A cookie is a very small peice of data that will be sent from a server and stored temporarily on a client's computer. To create a cookie, the server needs to include a 'Set-Cookie' header in their HTTP response to the client. This will prompt the client's browser to create a 'cookie' to store the specified data. When a browser has a cookie from our server any HTTP request it sends to us will include a 'Cookie' header containing the data we asked it to store.

How does this help our situation?

Margo and I used cookies to store every quiz answer submited from a client. Then, when the client's browser sends our server an HTTP request asking for their results page, this request will include all of that client's quiz answers - stored in the form of cookies! Great!

Now lets talk about how we implimented this. To create cookies Margo and I changed the constraints of our functions (the ones that URL's are routed to) as follows:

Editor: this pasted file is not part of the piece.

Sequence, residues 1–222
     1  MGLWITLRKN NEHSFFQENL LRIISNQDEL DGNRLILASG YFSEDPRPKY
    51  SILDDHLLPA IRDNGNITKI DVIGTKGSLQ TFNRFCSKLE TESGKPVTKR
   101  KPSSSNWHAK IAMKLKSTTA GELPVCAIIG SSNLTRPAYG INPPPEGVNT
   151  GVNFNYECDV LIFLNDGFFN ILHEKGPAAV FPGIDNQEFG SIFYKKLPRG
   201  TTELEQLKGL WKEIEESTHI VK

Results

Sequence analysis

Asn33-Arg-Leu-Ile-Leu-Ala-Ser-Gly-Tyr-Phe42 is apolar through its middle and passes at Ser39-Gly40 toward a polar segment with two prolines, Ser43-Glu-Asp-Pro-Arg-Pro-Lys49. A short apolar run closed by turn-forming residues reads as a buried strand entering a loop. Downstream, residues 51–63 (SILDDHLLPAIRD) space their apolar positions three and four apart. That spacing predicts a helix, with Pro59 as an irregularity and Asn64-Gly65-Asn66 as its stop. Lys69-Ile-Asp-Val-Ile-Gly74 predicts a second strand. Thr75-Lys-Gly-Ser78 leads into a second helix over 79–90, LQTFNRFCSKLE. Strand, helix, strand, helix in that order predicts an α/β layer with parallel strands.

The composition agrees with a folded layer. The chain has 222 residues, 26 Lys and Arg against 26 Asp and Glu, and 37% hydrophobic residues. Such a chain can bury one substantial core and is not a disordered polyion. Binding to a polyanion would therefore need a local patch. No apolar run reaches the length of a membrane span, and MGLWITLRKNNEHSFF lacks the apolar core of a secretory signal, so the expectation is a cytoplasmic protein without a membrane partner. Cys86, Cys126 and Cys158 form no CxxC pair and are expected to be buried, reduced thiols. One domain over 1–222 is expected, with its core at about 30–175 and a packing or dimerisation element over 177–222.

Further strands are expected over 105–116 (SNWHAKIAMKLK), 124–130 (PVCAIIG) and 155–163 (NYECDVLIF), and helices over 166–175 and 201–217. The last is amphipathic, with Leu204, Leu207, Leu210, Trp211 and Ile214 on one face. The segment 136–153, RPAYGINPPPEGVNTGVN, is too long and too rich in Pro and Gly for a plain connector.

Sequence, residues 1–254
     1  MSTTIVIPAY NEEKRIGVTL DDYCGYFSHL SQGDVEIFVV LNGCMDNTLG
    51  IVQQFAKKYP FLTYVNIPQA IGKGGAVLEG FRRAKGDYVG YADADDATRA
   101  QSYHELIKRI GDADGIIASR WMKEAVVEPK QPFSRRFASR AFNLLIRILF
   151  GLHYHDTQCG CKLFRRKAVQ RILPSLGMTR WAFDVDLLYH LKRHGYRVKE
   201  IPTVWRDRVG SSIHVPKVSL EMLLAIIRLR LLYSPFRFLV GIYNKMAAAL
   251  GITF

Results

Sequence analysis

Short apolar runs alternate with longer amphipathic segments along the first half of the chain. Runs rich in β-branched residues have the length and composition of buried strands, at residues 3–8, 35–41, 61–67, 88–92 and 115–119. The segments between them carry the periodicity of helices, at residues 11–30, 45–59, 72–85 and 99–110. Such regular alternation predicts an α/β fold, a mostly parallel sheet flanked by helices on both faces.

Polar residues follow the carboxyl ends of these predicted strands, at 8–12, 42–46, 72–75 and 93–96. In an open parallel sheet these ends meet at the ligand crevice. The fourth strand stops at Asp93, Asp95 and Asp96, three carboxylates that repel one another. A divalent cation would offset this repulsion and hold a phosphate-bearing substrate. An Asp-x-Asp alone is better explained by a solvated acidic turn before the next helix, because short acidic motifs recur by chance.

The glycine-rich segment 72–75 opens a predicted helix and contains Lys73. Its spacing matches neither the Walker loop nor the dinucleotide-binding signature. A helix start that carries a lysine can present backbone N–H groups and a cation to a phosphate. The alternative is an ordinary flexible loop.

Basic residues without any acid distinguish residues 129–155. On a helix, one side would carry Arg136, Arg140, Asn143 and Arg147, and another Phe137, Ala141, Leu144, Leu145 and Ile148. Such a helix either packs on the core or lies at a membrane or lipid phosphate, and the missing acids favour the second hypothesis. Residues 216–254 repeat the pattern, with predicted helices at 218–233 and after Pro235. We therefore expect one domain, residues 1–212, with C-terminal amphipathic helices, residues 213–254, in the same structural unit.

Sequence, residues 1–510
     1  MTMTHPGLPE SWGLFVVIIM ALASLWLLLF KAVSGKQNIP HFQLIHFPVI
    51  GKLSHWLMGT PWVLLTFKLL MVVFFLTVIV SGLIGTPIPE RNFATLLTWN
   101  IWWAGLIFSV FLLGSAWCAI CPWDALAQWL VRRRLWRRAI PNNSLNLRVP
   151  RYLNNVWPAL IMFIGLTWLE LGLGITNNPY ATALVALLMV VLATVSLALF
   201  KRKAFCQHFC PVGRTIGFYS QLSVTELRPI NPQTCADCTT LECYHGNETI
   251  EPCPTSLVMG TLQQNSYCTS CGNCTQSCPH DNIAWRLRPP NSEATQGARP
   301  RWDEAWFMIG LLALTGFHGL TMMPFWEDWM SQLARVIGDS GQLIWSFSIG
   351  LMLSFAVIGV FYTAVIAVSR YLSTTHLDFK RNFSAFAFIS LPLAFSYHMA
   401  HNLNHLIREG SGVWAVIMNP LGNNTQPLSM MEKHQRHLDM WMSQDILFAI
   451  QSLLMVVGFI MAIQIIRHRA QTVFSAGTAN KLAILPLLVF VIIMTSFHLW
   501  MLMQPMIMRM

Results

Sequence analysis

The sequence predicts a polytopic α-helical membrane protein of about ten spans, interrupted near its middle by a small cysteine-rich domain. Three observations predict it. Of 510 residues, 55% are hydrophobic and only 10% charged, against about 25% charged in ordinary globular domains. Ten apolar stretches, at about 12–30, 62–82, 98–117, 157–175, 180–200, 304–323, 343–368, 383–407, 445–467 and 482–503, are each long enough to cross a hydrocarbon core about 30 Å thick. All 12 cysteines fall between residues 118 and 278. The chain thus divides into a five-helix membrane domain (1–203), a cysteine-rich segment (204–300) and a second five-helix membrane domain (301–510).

• Chapeau will now pass to these functions both the dictionary containing the request information and a client object. So these functions must now accept two parameters! The dicitonary accepted contains everything the previous one does, but also includes '{header: {all of the headers and their values}}'.
  • The functions must call Chapeau's render function: render(client, path/to/html/file, args, header) before returning None.

Now that all of the request information is passed to the developper, cookies can be read. Since the developer is now also in charge of calling the render function, they have control over any headers they want to include in their response. The header parameter in the render function is optional, and when unspecified it will be set to None. The args parameter is a dictionary of variables that we want to pass to the html file. So, in our buzz-feed-style-quiz, every client's answer will be saved in a cookie. When we want to render the results page all of the incoming cookies can be read from the inputed dictionary of request information. We can create another dictionary out of the received cookies and can pass this dictionary into our render function to be passed to our html file. Yay!

Thanks Margo for working on this project with me, its been an adventure!

Category: Blog Tagged: Web